Major Championships

Plenty of tournaments occur in a year, and it is difficult to track all of them. However, Majors only occur once or twice a year, and a Major Championship is a title that matters to a team. But what is a CS:GO Major Championship? 

As the title suggests, Majors Championships are the primary tournaments deciding which team should be crowned the best team in the world. All the top-ranking teams from each region get a spot at Major Championships and fight on an international stage to prove who is the best team out of the bunch. These tournaments also feature a larger prize pool, usually exceeding 1 million USD.

A Major Championship usually consists of three stages. Each stage determines the top teams and puts them into a more competitive stage where the best fight for the ultimate title a professional CS:GO team could get. The three stages are namely Challengers Stage, Legends Stage, and Champions Stage, and they were first introduced at the ELEAGUE Major: Boston 2018. The stages have been followed ever since. This helped Valve bring more teams onto the stage and increase the number of teams from 16 to 24. 

A breakdown of each tournament stage is as follows;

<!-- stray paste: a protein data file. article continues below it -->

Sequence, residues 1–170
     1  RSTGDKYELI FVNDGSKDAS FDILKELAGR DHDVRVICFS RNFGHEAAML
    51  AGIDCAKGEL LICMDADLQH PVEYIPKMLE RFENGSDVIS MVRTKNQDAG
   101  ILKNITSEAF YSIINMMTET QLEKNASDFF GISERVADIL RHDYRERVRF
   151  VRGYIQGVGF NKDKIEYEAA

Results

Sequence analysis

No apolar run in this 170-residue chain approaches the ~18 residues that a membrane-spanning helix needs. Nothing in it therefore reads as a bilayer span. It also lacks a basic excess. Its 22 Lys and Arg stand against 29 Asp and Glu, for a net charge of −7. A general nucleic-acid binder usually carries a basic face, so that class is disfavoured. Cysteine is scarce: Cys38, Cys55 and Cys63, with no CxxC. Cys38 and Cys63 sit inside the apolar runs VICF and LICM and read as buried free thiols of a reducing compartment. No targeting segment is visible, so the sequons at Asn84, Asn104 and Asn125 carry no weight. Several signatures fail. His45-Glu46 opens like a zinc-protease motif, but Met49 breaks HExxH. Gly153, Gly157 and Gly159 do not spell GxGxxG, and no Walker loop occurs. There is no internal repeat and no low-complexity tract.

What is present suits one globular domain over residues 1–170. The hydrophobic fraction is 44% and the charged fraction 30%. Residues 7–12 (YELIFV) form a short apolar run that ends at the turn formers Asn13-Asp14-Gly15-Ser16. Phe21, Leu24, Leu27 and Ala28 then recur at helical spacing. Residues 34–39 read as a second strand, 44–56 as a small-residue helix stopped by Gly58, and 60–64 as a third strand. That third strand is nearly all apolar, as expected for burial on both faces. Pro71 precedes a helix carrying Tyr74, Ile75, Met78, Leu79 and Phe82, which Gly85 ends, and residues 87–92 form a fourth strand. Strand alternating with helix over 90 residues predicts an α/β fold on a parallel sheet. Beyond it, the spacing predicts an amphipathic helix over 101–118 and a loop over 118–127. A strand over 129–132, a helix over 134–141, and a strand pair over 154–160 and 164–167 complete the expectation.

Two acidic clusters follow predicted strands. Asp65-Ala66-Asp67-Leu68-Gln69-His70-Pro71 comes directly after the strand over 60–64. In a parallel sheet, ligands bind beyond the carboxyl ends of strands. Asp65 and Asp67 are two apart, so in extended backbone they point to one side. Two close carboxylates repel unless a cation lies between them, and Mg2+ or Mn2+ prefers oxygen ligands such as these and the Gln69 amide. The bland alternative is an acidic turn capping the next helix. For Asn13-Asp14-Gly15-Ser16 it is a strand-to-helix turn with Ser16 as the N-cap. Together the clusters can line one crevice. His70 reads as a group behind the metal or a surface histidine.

• Challenger Stage: This is the tournament’s first stage, and 16 teams from previous Minor tournaments get to fight it out to determine which 8 teams advance onto the next stage, the Legends stage. 
  • Legends Stage: The top 8 teams from the Challenger team joins with the top 8 from the previous Major Championship to fight it out for the limited spots in the final stage, the Champions stage. The top 8 teams out of the 16 advances onto the next Champions Stage.
  • Champions Stage: This stage was formerly known as the Playoffs, and the best 8 teams from the previous stage get to fight in a knockout format to become the Major Champion.

Next Major and where to watch it

2022 already had a Major Championship in the year’s first half, PGL Major Antwerp 2022. After some nail-biting action and some crazy outplays and turnarounds, Faze Clan became the champions by beating Natus Vincere 2-0. 

However, the fun is not still over for the year; IEM Rio Major 2022 will come in to provide some more action-packed encounters with your favorite teams starting Monday, 31 October. The tournament lasts all the way through the first 2 weeks of November, and it will come to an end on Sunday, 13 November.

You can catch the action live on the official channels of the organizers across all major platforms, including Twitch, YouTube, and even Facebook. Apart from that, you can tune into the main live stream of the tournament in the CS:GO game itself or simply join one of the watch parties of your favorite streamers.

About Digital Ghost

Dg is the founder and co-owner of Corrosion Hour, a niche gaming community established in 2016 focusing on the survival game RUST. He is an active and contributing member of numerous other RUST communities. As a community leader and server owner for over 15 years, he spends much of his time researching and writing guides about survival games, covering topics such as server administration, game mechanics, and community growth.